Our Army and the Uses of Restraint over Force

The south-south city Warri has recorded its first death connected to the coronavirus pandemic. Unfortunately, the death had nothing to do with an infection.

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Or maybe it does. But rather than target a person’s immunity, it goes for his tendency to exercise restraint. It is an infection of cultural dimensions that is common to both sides of what hopefully doesn’t become a huge conflict.

Every city has volatile characters, people whose first impulse is violence. In Warri, it sometimes seems the street’s creed is to never back away from fights. This often violent obstinacy, along with a gift for comedy, is what the city is known for. Perhaps this perception is common to cities in the south-south. I recall parents in middle-belt Nigeria refusing to allow their kids go to university in the south-south because of this perception.

So far the reports are not uniform and may all be apocryphal. One of these accounts has it that the deceased civilian had disobeyed the restriction of movement in the state and tried to run over the soldiers who forced the victim to park his vehicle and then shot him when he tried to flee. If this account is to believed, then there were at least two points at which the tragedy could have been averted.

Clearly, the occupant of the vehicle could have stopped and perhaps explained himself. He then could have been turned back or asked to proceed if the story of his needing to purchase drugs or get his father to a hospital is true.

In other words, at this point, the burden of restraint was to be exercised by the deceased. This changed when he decided to continue driving. At the point when he managed to park his vehicle and then was apprehended, it was the turn of the army officer to show restraint. That didn’t happen, presumably because in the popular imagination, the Nigerian Army isn’t well-known for forgiving or tolerating perceived disrespect. In fact, every citizen of this country that has seen officers meting out harsh punishment to adults for some trifling traffic offence would find it difficult disbelieving this version of events.

In any case, since then a video that implies that the youths of Warri mounted a reprisal attack has gone viral. In the video, two soldiers say unprintable things they would do to Warri women. That the video exists is yet another instance of the lack of restraint demonstrated by some elements in the Nigerian army. The temerity to make a video of their threats by those soldiers is probably connected to the army’s place as an elite group and its state-backed propensity for violence.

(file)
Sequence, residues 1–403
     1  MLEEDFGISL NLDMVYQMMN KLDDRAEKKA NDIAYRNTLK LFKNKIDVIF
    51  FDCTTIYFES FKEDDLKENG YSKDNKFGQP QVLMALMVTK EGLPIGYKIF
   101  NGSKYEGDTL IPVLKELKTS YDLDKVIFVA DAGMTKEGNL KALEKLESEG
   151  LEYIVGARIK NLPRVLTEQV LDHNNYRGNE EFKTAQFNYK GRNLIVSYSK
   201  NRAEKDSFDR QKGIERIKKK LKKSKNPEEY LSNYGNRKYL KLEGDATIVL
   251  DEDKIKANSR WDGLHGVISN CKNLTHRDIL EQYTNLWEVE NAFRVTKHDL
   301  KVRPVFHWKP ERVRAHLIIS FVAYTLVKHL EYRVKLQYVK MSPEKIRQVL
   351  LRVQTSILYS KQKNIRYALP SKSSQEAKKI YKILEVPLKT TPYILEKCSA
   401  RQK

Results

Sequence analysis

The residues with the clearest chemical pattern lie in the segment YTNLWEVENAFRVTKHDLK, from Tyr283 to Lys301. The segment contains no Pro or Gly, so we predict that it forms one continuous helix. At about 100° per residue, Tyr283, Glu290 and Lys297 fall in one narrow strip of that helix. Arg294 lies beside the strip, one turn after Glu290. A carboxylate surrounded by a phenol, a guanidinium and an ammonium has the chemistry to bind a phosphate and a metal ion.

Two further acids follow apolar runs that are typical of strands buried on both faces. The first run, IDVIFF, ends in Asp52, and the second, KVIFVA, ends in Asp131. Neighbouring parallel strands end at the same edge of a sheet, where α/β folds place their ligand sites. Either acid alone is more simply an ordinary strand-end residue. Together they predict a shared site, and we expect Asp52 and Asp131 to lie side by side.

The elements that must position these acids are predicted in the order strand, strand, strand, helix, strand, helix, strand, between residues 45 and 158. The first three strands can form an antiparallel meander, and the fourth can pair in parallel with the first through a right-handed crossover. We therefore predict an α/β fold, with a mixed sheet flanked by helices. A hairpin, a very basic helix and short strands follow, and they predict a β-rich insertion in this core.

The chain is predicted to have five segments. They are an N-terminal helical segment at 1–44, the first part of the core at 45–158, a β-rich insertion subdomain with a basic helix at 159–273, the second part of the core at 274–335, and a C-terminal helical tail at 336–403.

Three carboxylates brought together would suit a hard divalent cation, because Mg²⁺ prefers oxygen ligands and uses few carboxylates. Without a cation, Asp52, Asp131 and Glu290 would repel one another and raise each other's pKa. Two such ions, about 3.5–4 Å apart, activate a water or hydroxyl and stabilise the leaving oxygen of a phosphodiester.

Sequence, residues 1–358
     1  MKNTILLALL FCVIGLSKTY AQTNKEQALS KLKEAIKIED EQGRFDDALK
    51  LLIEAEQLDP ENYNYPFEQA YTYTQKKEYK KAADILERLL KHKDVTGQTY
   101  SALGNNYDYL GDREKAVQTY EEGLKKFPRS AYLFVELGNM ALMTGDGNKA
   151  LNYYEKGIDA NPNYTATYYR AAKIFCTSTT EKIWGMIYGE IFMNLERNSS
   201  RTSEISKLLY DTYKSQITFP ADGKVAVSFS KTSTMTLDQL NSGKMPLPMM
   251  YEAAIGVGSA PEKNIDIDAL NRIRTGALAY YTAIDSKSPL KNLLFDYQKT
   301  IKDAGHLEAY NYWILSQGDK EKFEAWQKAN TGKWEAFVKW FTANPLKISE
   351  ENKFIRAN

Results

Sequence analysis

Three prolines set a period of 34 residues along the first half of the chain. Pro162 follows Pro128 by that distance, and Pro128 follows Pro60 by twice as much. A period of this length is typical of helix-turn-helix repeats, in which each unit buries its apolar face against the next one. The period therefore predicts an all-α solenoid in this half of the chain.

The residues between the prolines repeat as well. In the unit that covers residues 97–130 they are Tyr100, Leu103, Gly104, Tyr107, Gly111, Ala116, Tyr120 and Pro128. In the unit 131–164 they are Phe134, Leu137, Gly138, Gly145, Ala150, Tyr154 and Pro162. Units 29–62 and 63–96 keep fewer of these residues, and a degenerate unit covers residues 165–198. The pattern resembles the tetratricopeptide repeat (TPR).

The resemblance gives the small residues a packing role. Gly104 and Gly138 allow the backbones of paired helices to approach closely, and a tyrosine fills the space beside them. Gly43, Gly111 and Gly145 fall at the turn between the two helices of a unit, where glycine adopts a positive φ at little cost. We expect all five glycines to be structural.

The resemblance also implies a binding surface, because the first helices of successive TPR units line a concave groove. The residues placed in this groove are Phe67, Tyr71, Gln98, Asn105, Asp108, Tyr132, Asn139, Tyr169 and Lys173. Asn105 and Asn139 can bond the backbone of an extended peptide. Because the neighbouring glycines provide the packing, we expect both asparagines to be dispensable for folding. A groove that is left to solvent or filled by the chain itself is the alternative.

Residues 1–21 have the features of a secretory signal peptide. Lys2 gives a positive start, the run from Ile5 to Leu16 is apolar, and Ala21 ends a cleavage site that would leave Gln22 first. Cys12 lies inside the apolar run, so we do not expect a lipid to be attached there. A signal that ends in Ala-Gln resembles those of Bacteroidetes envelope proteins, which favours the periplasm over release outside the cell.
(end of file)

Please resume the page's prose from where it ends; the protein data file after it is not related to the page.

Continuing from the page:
The years spent at the top position in the land by members of the military have empowered the army and, simultaneously, weakened a public which has never quite understood its own powers and rights. Whatever gap may have existed between the military and the citizens of the country has thus been expanded. This is the basis of those humiliating incidents between citizens and army officers you see on social media. The gap between citizens and the uniformed usually means that the former are unwilling to put up any resistance when oppressed by the latter. (That gap doesn’t really exist between the police and the populace even if they, too, can carry arms legally. The elite part of the equation has never been theirs to own. For one, they have never occupied the country’s highest office.)

With powers such as this, the military never really has to demonstrate the full extent of its might. This, unfortunately, means that, every slight is met with tremendous might. So when Pessu refused to stop his vehicle at the army’s command, the unfolding narrative moved closer to a bloody denouement.

Sad as it is to say, the narrative has moved on to a new chapter. If the death of a soldier is true and the embarrassing video from the soldiers is to be taken strongly, then this is another chance for the army to exercise restraint.

“The video is being talked about in Warri and casuing panic,” said a Warri resident quoted by Sahara Reporters. “We cannot abandon our homes because of people who are supposed to be proetcting us but now threatening us. Young men are discussing already, we will find every means to protect our community and women from rapists and murderers.”

The state has had trouble with the federal government in the past. And if both sides give free rein to their impulses, it might be another troubling incident. As it is, restraint has come with difficulty to both sides involved but now is the time to demonstrate it.

Fortunately, The Nigerian Army has said it has arrested the erring soldiers. While it is hoped that nothing untoward happens from her on, it must be said that the army’s response is commendable at this time.

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